Throughout his career, Jim has focused the agency upon strengthening families and improving society’s ability to provide prevention, protection, treatment and permanency for all vulnerable youth. A dedicated leader in youth advocacy, he has played a vital role in the state and national forum of child welfare, mental health, and public policy. Working with a dynamic Board and staff, he is responsible for guiding the vision and mission of Intermountain, and transforming Intermountain into a nationally recognized children’s mental health agency.
Jim is also the CEO of ChildWise Institute, a Montana not-for-profit 501c (3) organization established by Intermountain. The mission of ChildWise is to elevate the well-being of vulnerable children through advancing awareness, accelerating knowledge, and advocating for positive societal change. ChildWise has garnered attention across the State of Montana and at the national level.
Jim holds a Bachelor’s Degree in Psychology from the University of California, a Master’s Degree in Public Administration and a Master’s Degree in Social Work from the University of Montana.
Angela Freyenhagen I have been a business woman in the BILLINGS community since 2006 working in Hotels, medical Field, staffing and Real Estate. I was very active in different nonprofit organizations and served as a board member on Head Start and Make a Wish Foundation, SHRM. I served as a committee member for Habitat for Humanity, Special Olympics and Big Sky Economic Development workforce program.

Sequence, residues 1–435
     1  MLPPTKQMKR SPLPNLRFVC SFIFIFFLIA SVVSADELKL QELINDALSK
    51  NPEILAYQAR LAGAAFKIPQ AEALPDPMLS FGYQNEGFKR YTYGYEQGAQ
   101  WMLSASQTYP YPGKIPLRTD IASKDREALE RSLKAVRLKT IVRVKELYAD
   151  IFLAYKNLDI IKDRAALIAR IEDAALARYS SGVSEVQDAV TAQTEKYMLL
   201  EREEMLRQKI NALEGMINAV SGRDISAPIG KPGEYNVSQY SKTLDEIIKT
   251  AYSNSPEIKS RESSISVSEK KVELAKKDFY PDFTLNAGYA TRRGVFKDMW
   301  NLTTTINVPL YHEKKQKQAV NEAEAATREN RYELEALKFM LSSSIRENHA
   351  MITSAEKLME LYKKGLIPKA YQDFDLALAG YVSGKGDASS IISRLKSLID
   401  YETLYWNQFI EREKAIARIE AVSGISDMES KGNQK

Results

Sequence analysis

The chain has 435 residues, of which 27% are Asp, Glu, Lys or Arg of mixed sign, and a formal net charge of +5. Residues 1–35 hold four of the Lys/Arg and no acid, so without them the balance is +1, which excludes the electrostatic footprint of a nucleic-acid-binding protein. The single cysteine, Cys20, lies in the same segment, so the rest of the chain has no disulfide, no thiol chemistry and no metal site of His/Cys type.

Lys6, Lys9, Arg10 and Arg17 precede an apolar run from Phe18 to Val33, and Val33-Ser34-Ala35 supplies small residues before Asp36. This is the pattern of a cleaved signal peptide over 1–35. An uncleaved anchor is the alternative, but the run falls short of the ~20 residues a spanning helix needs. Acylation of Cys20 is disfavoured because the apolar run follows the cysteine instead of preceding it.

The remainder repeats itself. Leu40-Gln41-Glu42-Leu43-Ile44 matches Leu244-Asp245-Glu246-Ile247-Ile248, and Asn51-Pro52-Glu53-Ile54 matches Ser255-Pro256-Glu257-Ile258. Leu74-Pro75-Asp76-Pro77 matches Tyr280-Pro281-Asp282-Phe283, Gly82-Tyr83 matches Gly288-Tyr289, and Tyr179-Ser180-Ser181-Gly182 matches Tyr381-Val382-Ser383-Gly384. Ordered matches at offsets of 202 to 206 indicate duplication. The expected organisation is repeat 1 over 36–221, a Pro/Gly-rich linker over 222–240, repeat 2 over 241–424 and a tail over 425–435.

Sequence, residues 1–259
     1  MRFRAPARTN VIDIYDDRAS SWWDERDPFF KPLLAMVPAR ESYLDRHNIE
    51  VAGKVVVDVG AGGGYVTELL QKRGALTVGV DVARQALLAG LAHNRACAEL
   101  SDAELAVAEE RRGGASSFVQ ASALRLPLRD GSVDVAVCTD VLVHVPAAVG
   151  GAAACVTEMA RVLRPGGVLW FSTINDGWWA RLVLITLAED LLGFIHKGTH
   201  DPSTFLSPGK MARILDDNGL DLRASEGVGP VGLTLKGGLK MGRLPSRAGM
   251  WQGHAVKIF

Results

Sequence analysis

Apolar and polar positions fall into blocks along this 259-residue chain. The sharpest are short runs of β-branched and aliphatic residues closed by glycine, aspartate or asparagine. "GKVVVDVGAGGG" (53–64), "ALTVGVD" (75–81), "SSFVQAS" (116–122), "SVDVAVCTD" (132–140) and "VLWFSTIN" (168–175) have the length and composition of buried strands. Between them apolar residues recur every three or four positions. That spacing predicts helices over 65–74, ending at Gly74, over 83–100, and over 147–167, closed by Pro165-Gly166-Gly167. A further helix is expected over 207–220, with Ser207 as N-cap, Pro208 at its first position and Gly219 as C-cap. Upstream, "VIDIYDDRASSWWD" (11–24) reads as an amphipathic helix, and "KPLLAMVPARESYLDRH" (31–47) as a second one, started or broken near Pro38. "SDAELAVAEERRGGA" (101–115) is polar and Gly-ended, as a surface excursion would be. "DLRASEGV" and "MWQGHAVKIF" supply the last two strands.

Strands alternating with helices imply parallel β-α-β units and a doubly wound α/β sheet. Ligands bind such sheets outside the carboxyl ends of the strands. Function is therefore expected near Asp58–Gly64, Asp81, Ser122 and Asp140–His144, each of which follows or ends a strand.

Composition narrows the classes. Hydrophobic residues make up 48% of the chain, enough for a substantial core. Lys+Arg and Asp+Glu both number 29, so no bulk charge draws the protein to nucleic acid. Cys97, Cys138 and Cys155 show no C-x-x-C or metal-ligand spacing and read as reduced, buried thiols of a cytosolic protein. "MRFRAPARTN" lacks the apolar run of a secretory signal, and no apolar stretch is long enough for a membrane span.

I am a survivor of abuse, sexual assault, drugs, alcohol, domestic violence and cancer. My life at an early age was affected by sexual abuse by family member and older teens in the neighborhood. At the age of 22 I was abducted, held hostage and raped and left for dead. I then turned to drugs and alcohol and ended up in a very domesticated violent relationship. I believe in the restorative power of God, counseling and treatment programs and have been able to live a life of sobriety, happiness and joy beyond my wildest dreams.
Tara French, is a juvenile probation officer for the Yellowstone County Court Services.
The panel on Overcoming Obstacles will focus on the barriers to positive outcomes from drop-out, homelessness, delinquency and chemical dependency issues.